Browse Tag by Food restrictions and eating out
Reviews

Catering for multiple food intolerances and allergies at Wagamama

Restaurants should look to Wagamama as an example of how to cater properly for those with multiple food intolerances or allergies.

Yes I know, I know, I moan a lot about how difficult it is to eat out when you have multiple food intolerances or allergies, but I’ll keep on moaning until the message gets through. And it seems that some people might actually be listening, well the manager at Wagamama Canterbury, at least. He contacted me to invite me over:

‘We’d like to show you how well we cater for people with food allergies and intolerances,’ he said.

I liked them already. With a confidence that what they’re doing is a positive thing, they were keen to prove to me that not all food service operations are equal in their approach.

‘I’m in,’ I said, given that I don’t go to Wagamamas, so had no idea what they offer.

As I avoid nightshades (tomatoes, peppers, aubergines, potatoes) and no longer eat dairy, I wondered how I would get on. My friend who came with me doesn’t eat gluten, so between us, I expected we were going to be a challenge. Not so for manager Lloyd, who sat down with us and went through the entire menu.

Wagamama, like most restaurants, has a complete breakdown of every dish offered. They have one version for the customers and another, more detailed version for the management. There were several positives I’d like to point out that make Wagamama stand out against other restaurants:

  • The manager is the only person who takes with and deals with your order.

Lloyd, as I said, went through everything with us, perhaps in more detail than he might if we hadn’t have been there for this specific purpose. Either way, nothing was a problem and the reason for this is Wagamama’s flexibility when it comes to their dishes. There are several alternative options to their menu items, which means if you can’t eat one of the ingredients (for example, noodles in the Ramen because they contain gluten), they will swap them for something else (in this example, rice noodles).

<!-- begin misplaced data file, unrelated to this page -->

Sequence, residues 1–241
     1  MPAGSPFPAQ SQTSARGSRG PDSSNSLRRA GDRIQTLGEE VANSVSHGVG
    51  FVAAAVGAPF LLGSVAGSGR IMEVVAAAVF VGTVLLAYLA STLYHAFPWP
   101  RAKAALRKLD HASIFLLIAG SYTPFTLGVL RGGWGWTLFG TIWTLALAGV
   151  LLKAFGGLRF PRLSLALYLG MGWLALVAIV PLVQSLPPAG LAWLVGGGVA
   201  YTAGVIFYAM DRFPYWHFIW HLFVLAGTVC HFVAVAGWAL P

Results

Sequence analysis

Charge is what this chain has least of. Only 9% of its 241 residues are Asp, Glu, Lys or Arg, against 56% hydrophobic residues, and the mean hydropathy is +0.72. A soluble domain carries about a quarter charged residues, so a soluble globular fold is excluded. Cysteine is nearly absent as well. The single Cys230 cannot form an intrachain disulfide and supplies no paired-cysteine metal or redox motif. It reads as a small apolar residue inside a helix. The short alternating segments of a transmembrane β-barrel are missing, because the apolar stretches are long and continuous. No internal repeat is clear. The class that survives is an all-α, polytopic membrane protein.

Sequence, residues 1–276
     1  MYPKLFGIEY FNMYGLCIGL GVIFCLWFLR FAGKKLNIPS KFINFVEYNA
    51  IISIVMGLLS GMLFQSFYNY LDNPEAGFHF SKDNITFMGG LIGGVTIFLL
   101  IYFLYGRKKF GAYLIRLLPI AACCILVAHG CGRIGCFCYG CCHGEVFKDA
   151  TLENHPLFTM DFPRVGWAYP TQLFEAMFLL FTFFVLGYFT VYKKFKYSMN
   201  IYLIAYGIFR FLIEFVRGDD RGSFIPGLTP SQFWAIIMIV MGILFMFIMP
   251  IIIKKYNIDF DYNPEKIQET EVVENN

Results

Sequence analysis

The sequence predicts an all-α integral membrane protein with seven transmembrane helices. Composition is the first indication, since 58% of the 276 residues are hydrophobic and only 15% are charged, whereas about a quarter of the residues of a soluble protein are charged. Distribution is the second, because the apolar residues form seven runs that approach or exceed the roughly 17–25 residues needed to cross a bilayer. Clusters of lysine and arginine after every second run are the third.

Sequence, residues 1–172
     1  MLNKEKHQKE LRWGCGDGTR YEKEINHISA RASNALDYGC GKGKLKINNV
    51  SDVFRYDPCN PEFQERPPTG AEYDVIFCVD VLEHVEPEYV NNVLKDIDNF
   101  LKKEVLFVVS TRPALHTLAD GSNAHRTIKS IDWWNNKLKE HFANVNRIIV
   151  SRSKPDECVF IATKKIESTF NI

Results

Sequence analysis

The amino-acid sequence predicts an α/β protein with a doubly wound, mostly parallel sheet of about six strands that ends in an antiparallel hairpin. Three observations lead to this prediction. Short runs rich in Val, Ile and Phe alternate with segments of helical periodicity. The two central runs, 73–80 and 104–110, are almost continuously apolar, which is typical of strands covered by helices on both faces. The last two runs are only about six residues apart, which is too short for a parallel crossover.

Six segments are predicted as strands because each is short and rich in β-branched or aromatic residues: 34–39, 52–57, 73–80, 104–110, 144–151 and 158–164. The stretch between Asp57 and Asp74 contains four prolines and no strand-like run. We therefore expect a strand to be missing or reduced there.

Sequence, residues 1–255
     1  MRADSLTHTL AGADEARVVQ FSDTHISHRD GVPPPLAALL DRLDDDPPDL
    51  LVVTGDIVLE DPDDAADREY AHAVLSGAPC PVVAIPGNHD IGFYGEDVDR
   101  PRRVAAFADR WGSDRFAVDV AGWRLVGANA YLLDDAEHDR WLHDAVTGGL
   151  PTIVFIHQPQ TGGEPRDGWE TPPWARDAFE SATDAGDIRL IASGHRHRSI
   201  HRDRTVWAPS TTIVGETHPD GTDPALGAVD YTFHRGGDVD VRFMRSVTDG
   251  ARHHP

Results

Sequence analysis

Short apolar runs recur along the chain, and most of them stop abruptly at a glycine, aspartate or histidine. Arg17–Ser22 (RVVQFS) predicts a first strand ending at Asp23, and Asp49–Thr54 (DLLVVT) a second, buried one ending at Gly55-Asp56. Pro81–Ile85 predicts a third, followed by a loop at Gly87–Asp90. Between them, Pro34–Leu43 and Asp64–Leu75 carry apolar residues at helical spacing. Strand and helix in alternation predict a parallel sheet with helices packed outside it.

A 'Free-From' Life
Image courtesy of Wagamama

It’s not enough to give a customer an allergen menu and expect that it’s enough.

My pet hate about eating out is that restaurants give you an enormous allergen menu detailing all their dishes and once you go through it, you find you can’t actually eat anything. Thankfully, Wagamama’s recognise this and make every effort to be flexible with their dishes.

  • The manager marks your place with your specific food avoidance item(s), so there is no mix up when it’s brought to the table.

This is another positive, because even though the manager is the only one dealing with the order, it’s still important, if not life-saving for some, to make sure the right order is given to the right person. With serious allergies, you can’t afford to mess this up.

  • They have a separate gluten free menu.

This is in addition to the full allergen menu and includes dishes that are specifically gluten free. Lloyd checked to make sure what we wanted to order was also dairy free, again this double, triple checking of everything shows how seriously they take things and also the level of training the staff have received.

A 'Free-From' Life
Image courtesy of Wagamama
  • The food is prepared in a dedicated area with a dedicated chef.

This I was very impressed with. You can see the food preparation area at Wagamama, as it’s completely open and with one specific area kept for preparing special orders, it’s reassuring. Lloyd explained we were likely to get our food in waves rather than all at once. This is because each order is prepared separately, with the surfaces being thoroughly wiped down between each one. Again, this shows a deep level of understanding and commitment to customer safety.

My overall impression of Wagamama was extremely positive and I would be happy to recommend it to anyone with multiple food intolerances or allergies. You feel looked after there and equally as important, are never made to feel as though you’re being awkward (we’ve all been there with this haven’t we?). We’re not a generation of overly paranoid individuals, we’re more educated about the food we eat and realise how ill it can make us. Perhaps in the past we just got on with it, ignoring the stomach pains and associated problems, but not anymore and it’s not just gluten that we’re avoiding.

Food service providers, if you’re listening, take a tip from Wagamama’s and wake up to what your customers need.